United Nations Secretary General Antonia Guterres attends the closing ceremony of the International Criminal Tribunal for the former Yugoslavia (ICTY) at the historic Knights Hall in The Hague Thursday Dec. 21, 2017. (AP Photo/Phil Nijhuis)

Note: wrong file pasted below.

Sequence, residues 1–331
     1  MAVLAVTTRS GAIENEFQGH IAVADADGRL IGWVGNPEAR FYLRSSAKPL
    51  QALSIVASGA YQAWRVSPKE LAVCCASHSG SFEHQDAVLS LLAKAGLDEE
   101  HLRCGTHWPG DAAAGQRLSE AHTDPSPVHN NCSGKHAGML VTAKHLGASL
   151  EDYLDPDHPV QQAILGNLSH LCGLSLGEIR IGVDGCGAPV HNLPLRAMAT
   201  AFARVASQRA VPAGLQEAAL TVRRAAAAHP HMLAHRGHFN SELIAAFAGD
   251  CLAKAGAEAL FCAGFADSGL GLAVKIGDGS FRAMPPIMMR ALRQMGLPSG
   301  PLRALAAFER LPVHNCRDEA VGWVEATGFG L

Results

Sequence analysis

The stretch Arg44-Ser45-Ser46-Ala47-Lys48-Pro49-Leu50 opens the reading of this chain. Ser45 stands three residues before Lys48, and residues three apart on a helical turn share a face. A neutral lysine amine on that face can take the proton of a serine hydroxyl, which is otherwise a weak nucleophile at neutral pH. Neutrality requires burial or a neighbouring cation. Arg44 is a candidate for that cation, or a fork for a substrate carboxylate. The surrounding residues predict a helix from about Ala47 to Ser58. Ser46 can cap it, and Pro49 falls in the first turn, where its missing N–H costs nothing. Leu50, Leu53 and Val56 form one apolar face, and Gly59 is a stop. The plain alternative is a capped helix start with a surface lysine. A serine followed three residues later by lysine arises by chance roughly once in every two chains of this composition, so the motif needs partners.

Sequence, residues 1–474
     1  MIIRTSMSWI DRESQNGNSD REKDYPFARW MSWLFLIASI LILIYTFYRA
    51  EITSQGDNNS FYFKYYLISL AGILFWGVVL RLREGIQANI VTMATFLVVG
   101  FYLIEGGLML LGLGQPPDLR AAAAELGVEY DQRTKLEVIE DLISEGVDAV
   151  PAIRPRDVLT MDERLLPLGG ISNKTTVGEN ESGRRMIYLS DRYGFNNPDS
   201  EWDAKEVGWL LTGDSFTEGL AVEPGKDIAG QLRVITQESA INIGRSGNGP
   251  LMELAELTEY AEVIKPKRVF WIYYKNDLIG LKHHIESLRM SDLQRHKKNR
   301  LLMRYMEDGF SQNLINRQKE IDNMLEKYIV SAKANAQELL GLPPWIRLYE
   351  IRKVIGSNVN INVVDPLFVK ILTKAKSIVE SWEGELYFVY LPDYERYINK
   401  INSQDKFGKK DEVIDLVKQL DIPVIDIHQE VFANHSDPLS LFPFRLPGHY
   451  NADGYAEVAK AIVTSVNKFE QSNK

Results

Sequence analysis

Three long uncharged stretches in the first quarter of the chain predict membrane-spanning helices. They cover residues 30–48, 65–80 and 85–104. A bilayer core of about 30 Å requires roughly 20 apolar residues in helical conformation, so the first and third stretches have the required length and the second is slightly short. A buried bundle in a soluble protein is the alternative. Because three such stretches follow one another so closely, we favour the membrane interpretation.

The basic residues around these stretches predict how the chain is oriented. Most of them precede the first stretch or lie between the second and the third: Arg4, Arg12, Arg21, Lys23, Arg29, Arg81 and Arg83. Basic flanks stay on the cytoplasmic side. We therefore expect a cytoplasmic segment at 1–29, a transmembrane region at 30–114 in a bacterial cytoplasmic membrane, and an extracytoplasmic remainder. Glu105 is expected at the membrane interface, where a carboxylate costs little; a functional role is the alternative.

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One of the last images in 24 years of courtroom drama will undoubtedly be one of the most enduring: Croat Gen. Slobodan Praljak, seconds after his convictions were upheld on appeal last month, declaring that he was not a war criminal and drinking from a vial he said contained poison.The court – the first of its kind since the post-World War II trials in Nuremberg and Tokyo – indicted 161 suspects, convicted and sentenced 90 of them, acquitted 19, sent 13 to local courts to prosecute and withdrew proceedings against 37 .Unlike its sister tribunal that prosecuted crimes committed during Rwanda's genocide, the Yugoslav court has no fugitives on the run. Eight of the 90 suspects indicted by the Rwanda tribunal are still at large.Part of the reason the Yugoslav court is now considered a success is that it ultimately managed to bring to justice two men considered the architects of the worst atrocities of the 1992-95 Bosnian war that left 100,000 dead – Bosnian Serb military chief Gen. Ratko Mladic and his political master Radovan Karadzic.Ashdown, who testified in three trials at the tribunal, is convinced the court's positive legacy will reach into the future.
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